During the Daily Journal’s recent annual meeting, billionaire Charlie Munger – one of history’s greatest investors and Warren Buffett’s right-hand man at Berkshire Hathaway (BRK.A.) (BRK.B) – recently predicted that a painful crash is coming:
What we’re getting is wretched excess and danger for the country. Everybody loves it because it’s like a bunch of people getting drunk at a party; they’re having so much fun getting drunk that they don’t think about the consequences. Eventually, there will be considerable trouble because of the wretched excess, that’s the way it’s usually worked in the past.
This ominous warning comes on the heels of his previous warning of a “lost decade” for investors, emphasizing to investors that this is a concern that is clearly on Mr. Munger’s mind a lot.
Four Reasons Why A Painful Crash Is Coming
Why might he be concerned about the outlook for the stock market right now?
First and foremost, interest rates are much more likely to head higher than lower in the near term, which – as his colleague Warren Buffett likes to say – means that the force of gravity on equity valuations will be increased. In fact, if inflation continues to rage near its current four decade high levels, there is a high probability that interest rates will be forced significantly higher.
Second, with equity valuations already at nosebleed levels and the inflation rate soaring, the potential to generate impressive real returns is becoming increasingly challenging as multiple contraction is increasingly more likely than multiple expansion (due to the likelihood of rising interest rates in response to rising inflation). ) and the high inflation rate sets a higher bar for corporate growth and dividend payments to generate a real return net of inflation.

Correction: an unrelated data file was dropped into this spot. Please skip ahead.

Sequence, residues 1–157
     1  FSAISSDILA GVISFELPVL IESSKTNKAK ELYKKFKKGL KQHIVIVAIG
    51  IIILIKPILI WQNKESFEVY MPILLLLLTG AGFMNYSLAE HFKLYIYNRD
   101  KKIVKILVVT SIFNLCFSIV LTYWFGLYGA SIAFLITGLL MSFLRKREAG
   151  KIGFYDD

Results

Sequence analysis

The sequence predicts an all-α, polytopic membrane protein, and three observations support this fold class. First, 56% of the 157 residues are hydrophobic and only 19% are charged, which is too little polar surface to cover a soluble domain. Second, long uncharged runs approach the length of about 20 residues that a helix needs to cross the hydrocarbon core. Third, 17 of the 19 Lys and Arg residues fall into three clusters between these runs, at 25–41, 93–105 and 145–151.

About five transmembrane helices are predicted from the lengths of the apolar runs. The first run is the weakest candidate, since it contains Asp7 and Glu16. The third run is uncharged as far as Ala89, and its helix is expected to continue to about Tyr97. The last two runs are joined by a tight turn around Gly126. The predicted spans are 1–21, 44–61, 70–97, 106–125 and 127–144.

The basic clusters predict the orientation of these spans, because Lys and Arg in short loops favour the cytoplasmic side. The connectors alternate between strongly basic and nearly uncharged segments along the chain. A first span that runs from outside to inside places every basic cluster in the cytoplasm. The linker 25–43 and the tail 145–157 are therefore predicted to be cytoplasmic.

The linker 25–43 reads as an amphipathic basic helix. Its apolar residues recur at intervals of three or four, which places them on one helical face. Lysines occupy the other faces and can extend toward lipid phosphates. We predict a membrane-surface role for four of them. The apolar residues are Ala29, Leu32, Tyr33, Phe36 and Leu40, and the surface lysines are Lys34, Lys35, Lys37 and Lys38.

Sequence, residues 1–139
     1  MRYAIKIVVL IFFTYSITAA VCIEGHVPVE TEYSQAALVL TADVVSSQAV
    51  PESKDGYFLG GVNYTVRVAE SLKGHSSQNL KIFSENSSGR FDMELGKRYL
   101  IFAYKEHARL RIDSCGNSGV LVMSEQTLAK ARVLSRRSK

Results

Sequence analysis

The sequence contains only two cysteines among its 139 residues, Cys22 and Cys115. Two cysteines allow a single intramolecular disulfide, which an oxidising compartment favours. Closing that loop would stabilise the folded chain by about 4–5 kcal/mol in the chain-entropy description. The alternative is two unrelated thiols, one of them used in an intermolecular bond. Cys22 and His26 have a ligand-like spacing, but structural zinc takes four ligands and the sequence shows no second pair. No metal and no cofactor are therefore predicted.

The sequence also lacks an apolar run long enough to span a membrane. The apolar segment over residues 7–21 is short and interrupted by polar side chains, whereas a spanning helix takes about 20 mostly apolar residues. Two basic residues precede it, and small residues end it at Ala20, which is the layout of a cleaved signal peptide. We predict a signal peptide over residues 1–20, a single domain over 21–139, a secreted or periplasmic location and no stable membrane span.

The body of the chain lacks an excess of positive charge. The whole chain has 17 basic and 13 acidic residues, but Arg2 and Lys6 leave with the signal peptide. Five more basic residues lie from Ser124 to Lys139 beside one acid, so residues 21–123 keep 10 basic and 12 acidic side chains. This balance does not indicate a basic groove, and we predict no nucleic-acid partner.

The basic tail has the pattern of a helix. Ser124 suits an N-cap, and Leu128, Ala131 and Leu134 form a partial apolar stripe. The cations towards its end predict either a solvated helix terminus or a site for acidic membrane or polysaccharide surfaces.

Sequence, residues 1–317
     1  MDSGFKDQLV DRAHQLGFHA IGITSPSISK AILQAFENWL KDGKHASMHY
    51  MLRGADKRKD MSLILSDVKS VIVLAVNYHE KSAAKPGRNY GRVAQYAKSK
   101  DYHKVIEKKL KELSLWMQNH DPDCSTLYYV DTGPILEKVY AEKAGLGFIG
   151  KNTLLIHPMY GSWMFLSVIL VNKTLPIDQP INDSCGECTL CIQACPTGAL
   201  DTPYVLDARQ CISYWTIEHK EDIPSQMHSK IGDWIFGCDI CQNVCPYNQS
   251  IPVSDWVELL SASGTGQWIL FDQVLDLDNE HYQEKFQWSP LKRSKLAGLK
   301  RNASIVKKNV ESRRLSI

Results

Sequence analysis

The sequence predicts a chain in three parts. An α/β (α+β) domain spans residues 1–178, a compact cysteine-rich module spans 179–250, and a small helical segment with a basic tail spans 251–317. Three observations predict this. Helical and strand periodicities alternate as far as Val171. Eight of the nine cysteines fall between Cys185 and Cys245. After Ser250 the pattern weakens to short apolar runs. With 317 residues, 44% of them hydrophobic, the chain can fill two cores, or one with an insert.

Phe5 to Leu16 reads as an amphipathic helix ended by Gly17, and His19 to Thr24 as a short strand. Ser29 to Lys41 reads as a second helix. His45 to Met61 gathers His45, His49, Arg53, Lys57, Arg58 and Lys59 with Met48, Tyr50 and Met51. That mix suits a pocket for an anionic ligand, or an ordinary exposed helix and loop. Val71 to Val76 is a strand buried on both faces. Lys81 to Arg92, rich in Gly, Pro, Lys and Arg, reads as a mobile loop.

Third – building off of point two – the Buffett Indicator – one of Buffett’s favorite metrics for determining how attractive the collective market is – indicates that the market is way over valued and increasingly likely to generate disappointing returns moving forward:
Last, but not least, the “wretched excess” that Mr. Munger refers to in his comments means that – likely due to distorted interest rates, massive money printing, and government interference in the economy – there is gross misallocation of capital going on right now. In fact, at the same Daily Journal annual meeting Mr. Munger explained:
I would argue venture capital is throwing too much money too fast, and there’s a considerable wretched excess in venture capital and other forms of private equity … We have a stock market which some people use like a gambling parlor … There’s never been anything quite like what we’re doing now. We do know from what happened in other nations, if you try and print too much money it eventually causes terrible trouble.
Our Top Market Crash Portfolio Insurance Pick
With these cautions in mind and a desire to pay respect to Mr. Munger’s track record for investing excellence, we are becoming increasingly cautious of a potential market crash and the ramifications it might have for our portfolio.